These Fab Sidewalk Billboards Put Missing Kids' Faces in Front of Pedestrians

A German initiative combines tech and social media to help bring more kids home.

Staff Writer Liz Dwyer has written about race, parenting, and social justice for several national publications. She was previously education editor at Good.

Every year 800,000 children go missing in the United States—that's 2,000 kids every single day. Although using AMBER alerts to notify drivers about kids who've been abducted by strangers or family members or who've run away has successfully recovered 685 kids since 1996, it can feel easier to find a stolen car than a missing kid.  

One solution to this problem could be an innovative effort happening in Hamburg, Germany. Advertising agency thjnk has joined forces with Missing Children, an initiative that gets the word out about the 100,000 kids reported lost in that country every year. Together they're using a combination of technologically tricked-out sidewalk billboards and social media to inform the public and get kids home.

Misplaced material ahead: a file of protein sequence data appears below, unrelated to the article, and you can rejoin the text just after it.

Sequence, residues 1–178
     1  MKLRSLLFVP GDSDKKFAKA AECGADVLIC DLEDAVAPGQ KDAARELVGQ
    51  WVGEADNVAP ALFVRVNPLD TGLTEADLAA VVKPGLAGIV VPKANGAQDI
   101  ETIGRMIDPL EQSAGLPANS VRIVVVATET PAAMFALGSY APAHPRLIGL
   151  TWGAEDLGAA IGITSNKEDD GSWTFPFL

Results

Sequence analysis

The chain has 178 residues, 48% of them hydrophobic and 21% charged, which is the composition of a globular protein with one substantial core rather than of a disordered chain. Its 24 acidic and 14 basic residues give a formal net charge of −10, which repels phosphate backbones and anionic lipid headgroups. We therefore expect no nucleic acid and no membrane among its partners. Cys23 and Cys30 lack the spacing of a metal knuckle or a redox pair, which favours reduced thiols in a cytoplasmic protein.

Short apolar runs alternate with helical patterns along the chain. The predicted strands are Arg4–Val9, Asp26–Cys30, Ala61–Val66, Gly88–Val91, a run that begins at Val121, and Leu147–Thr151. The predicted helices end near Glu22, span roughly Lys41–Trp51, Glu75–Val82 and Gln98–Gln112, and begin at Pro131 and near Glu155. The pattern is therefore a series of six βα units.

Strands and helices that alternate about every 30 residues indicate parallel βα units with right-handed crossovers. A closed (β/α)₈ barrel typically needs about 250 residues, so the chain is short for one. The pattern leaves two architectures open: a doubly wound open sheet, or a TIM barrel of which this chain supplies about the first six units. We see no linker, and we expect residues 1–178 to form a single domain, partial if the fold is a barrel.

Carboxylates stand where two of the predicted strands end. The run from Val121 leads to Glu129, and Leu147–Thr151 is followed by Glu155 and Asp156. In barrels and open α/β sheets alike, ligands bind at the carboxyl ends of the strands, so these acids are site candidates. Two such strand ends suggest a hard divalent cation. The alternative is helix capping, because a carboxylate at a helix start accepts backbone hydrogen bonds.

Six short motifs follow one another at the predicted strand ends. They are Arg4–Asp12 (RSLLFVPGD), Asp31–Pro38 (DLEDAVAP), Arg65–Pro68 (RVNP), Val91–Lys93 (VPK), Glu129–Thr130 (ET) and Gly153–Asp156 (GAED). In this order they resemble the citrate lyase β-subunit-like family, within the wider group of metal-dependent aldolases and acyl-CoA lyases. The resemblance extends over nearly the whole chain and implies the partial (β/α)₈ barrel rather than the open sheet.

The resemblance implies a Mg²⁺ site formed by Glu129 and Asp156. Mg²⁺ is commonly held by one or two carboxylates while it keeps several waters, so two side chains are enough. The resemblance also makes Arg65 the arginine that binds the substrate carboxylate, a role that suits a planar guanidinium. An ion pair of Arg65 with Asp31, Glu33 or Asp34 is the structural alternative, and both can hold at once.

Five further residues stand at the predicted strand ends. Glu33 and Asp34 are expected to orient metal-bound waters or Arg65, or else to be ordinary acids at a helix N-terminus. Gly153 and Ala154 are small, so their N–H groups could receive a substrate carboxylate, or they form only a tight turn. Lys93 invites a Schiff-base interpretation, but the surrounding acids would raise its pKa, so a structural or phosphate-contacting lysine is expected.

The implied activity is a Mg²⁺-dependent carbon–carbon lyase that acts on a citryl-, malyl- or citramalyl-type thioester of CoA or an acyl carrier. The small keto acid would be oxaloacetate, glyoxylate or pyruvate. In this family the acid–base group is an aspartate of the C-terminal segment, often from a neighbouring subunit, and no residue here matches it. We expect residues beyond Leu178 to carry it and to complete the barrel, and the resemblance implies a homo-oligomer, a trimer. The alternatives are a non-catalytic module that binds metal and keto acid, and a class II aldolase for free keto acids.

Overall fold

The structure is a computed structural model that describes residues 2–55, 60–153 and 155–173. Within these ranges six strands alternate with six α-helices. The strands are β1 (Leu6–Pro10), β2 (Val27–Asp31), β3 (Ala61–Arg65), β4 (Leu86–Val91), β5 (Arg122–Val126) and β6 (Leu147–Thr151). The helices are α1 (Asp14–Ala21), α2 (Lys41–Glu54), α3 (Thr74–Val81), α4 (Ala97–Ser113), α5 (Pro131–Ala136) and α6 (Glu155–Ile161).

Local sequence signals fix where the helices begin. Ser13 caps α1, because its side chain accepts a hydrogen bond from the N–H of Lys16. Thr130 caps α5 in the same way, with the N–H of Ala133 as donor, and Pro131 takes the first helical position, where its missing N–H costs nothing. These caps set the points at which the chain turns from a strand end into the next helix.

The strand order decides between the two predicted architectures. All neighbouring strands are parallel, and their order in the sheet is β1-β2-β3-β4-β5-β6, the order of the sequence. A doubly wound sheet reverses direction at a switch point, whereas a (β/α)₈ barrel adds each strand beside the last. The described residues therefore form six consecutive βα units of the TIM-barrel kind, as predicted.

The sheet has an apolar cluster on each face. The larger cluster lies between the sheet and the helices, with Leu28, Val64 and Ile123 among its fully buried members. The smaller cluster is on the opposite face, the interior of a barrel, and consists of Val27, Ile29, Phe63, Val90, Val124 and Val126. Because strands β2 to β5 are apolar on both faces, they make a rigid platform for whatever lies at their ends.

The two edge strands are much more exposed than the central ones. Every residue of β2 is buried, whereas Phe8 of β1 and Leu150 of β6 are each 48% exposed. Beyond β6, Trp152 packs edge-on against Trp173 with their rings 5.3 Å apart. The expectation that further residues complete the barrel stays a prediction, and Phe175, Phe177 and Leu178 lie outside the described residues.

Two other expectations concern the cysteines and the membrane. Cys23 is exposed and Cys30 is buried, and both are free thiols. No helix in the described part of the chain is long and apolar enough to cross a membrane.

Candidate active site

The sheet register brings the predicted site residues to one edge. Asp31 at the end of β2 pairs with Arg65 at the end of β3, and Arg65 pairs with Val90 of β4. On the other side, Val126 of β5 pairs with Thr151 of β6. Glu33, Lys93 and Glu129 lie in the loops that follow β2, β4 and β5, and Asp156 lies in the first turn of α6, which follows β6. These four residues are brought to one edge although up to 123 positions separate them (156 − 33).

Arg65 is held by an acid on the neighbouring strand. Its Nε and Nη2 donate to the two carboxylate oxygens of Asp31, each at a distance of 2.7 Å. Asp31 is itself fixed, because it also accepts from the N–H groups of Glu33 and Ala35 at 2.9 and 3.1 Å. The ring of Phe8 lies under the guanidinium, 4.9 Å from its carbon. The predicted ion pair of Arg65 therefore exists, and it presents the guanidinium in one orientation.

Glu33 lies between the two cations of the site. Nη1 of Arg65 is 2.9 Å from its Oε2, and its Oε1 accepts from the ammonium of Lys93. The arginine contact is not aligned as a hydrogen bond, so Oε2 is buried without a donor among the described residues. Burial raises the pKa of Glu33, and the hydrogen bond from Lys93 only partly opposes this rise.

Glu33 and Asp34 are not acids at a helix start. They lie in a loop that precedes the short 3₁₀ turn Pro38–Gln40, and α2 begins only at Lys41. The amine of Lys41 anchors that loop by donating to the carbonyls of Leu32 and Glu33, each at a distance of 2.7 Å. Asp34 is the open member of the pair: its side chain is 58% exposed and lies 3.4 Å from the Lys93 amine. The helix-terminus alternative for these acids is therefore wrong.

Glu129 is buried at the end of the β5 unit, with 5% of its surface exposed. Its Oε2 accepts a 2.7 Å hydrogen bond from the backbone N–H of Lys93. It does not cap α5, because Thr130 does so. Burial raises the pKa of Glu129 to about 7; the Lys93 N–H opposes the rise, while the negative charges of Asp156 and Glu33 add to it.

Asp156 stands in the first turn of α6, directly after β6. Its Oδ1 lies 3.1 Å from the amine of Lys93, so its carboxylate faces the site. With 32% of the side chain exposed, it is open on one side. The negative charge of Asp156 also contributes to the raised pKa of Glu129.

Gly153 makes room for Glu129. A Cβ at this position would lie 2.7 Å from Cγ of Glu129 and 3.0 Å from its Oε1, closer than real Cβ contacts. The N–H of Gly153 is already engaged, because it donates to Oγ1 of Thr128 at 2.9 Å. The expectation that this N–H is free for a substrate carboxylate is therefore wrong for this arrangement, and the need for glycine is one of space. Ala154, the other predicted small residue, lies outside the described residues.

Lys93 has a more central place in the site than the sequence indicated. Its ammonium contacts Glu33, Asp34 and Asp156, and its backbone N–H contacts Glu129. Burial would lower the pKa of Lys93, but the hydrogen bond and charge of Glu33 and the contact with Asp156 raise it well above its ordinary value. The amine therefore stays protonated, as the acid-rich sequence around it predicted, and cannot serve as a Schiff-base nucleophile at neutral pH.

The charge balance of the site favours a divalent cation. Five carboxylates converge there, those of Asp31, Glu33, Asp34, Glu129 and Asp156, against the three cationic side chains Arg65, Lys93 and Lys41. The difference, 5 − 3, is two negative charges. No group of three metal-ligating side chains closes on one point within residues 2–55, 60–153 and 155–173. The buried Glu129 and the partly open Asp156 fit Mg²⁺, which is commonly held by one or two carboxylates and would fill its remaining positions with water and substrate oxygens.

The above video, which is in German, begins by depicting only blank white screens. The oddity—how often do you see blank advertisements when you're walking through your local downtown?—catches the attention of passersby. Then a second screen, which is covered with a transparent film, turns on, making it look like you're viewing an entry on Missing Children's Facebook page, complete with a picture and information about the child.

The approach spotlight's Missing Children's belief that encouraging the public to share information about lost children through social media can quickly get the word out to more people. Even though we can get AMBER alerts on our phones now, we're probably not in the habit of texting all of our friends or sharing on our Facebook pages that a child is missing. But you can see in the video how people start taking out their smartphones and using them to find out more and share information. Given that the first three hours that a child is missing are the most critical, it's an idea that could get more kids home safe and sound.  

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